Although Alda was talking about communicating science, the overall lesson for any area is true: a good story changes a person’s brain chemistry, draws people in, and makes them more empathetic to your cause.
3) Be proactive, not reactive
This is a broad-brushed mentality for the way to approach NPO work, but under the lens of marketing, it’s strategic to be a step ahead and not a step behind.
For instance, NPOs are good at reporting when funding comes in, but how about before that time?
Are you putting stories out of the work you’re doing? Sharing the latest media articles that relate to your work? Profiling a member of your organization?
A proactive marketing strategy means you’re thoughtful about the work you’re doing and likely keeping a calendar of when you’re communicating to your audience. When you’re being reactive, it’s likely you haven’t given enough thought to how, why, and when you’re reaching out.
Most of us would naturally opt for being proactive—it just takes more planning and thoughtfulness in order to train that muscle to operate most effectively.
4) Be regular
Proactivity and regularity go hand-in-hand, like keeping a jar of Metamucil around the house…just in case.
Say you’re a larger, more established NPO, such as a major hospital system or a university. You may have enough content to communicate with your audience a couple of times per week.
But if you’re smaller and may not have as much content as you’d ideally like, setting up a regular schedule is still a really good plan, whether it’s bi-weekly or once per month, for example. Choose the interval of time that works best with the stage of your non-profit’s development, what content you have to offer, and the bandwidth you have to get the word out.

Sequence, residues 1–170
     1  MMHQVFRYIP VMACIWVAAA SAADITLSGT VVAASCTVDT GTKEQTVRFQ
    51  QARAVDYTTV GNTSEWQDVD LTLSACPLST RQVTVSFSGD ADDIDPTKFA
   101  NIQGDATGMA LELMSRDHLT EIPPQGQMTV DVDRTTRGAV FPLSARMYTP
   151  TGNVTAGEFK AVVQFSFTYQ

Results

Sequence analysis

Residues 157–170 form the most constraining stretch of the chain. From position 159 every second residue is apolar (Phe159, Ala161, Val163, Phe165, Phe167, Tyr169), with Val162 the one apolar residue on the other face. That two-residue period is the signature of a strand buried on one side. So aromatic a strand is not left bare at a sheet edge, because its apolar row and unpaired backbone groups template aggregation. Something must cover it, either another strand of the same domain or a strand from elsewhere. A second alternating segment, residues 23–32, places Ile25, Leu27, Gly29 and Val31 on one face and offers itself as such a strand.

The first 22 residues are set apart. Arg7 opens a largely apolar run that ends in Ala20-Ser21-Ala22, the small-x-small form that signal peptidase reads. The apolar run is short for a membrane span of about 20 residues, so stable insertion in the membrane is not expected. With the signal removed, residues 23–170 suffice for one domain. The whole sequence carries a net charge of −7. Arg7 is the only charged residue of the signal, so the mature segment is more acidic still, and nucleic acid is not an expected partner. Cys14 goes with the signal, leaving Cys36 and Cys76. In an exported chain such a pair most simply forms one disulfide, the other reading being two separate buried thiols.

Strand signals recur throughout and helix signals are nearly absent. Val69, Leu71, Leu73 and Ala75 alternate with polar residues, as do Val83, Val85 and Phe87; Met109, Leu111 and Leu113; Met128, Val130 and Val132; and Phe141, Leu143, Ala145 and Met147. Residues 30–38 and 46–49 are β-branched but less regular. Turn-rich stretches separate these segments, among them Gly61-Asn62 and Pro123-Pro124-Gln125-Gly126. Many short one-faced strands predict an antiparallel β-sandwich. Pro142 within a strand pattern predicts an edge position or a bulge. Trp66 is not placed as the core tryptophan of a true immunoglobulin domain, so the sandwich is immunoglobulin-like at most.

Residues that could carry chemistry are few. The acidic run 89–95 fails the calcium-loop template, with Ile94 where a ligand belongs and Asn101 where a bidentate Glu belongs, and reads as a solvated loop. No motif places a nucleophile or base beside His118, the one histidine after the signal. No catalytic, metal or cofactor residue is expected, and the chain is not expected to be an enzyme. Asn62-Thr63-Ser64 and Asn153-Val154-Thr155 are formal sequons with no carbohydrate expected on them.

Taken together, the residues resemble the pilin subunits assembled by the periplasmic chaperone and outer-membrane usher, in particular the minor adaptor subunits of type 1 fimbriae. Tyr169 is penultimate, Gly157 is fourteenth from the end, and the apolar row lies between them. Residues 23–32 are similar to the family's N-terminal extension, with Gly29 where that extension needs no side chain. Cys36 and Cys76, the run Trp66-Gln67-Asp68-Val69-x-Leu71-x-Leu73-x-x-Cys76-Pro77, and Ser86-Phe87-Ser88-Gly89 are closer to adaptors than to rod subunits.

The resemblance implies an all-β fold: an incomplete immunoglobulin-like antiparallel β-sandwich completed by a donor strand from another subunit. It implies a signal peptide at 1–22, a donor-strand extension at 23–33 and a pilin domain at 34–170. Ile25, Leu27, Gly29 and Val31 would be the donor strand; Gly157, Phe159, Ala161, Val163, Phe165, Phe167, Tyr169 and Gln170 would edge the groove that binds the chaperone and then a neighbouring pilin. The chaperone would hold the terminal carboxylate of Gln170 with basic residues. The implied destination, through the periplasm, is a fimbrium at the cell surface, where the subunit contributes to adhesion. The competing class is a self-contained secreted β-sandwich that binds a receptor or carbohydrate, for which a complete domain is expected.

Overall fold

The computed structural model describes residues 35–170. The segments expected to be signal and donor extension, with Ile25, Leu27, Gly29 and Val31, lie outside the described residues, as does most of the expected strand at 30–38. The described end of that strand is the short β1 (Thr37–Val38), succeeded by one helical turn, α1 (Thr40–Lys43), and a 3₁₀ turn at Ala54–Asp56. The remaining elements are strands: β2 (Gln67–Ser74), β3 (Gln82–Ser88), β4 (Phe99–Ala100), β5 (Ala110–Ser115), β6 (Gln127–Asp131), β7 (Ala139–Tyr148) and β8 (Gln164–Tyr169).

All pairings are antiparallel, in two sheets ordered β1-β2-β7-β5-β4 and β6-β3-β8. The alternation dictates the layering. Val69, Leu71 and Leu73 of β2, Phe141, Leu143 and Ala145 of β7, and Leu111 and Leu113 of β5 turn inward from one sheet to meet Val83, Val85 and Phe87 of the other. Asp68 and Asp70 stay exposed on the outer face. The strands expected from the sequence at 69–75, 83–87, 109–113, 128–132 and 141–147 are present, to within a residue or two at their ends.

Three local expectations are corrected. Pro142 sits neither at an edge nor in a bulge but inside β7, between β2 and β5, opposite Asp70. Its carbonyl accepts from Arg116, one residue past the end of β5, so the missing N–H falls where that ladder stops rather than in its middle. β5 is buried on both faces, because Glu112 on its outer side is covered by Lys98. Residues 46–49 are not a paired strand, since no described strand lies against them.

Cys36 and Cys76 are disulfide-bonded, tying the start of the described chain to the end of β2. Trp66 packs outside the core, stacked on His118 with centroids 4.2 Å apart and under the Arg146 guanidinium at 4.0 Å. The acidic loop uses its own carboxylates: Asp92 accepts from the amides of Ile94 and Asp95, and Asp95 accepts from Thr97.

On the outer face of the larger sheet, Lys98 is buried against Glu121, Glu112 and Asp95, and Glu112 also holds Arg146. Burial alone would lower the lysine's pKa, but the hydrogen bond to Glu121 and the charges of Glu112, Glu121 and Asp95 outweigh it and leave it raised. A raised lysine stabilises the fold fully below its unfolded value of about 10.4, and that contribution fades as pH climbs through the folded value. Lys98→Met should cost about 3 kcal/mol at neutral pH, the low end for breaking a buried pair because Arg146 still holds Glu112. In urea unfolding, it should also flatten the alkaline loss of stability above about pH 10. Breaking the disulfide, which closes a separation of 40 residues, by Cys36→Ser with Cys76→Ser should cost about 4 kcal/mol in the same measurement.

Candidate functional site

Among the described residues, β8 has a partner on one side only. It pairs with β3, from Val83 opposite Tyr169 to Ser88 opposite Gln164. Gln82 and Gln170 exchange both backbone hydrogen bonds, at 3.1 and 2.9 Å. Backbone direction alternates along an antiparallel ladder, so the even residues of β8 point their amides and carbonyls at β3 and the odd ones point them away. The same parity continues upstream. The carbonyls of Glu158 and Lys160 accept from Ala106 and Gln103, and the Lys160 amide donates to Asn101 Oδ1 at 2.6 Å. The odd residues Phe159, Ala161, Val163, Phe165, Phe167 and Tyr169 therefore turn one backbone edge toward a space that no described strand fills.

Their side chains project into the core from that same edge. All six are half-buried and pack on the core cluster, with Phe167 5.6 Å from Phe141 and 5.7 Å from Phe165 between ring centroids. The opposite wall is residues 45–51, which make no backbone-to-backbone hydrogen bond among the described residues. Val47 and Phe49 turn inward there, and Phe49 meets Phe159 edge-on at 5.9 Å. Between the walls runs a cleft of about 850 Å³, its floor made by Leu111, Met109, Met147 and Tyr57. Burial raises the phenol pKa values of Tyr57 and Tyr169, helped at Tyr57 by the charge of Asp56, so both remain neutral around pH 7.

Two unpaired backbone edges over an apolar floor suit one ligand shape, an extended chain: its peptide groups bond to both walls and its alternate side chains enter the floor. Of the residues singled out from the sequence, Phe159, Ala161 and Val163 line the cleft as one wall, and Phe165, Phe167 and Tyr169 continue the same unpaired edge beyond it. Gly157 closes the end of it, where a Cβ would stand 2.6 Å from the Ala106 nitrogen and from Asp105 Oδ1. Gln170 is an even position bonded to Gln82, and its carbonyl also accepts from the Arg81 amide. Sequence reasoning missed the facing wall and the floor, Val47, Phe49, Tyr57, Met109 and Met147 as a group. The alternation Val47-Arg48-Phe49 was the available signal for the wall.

Think of it like this: if you only talk to your kid about her grades when she brings her report card home, you’re being reactive. If you’re talking with her as she’s doing her assignments each night, you’re being proactive by having regular conversations with her.
5) Pics and Vids
You may have thought, “Well, duh!” after seeing this final tip, but it’s a good one to bear in mind as you’re developing content.
When you’re a consumer of information, think about what you gravitate toward when you’re browsing online. Chances are there’s a short video or a fetching photo that draws you in. By and large, we’re visual creatures and whatever catches our eye will get a second look.
Flip the script and now you’re wearing your content creation hat for your NPO. How much time do you think about the image you’re choosing for your blog post or web article? Or how much time, money and energy do you put in creating videos that serve your audience?
A 2016 social media marketing report published by Social Media Examiner relayed this delightful fact: A significant 60% of marketers use video in their marketing and 73% plan on increasing their use of video.
Pictures and videos are ever-present and companies rely more on them in their marketing than ever before. “Of course!” you probably say, but a good point to reinforce when you’re driving that content creation on a day-to-day basis.
Dan Dean is a freelance writer who enjoys storytelling in all of its forms, as well as creating blogs that create and promote community. He is also the founder of M Powerment, a national non-profit designed to help men thrive after cancer.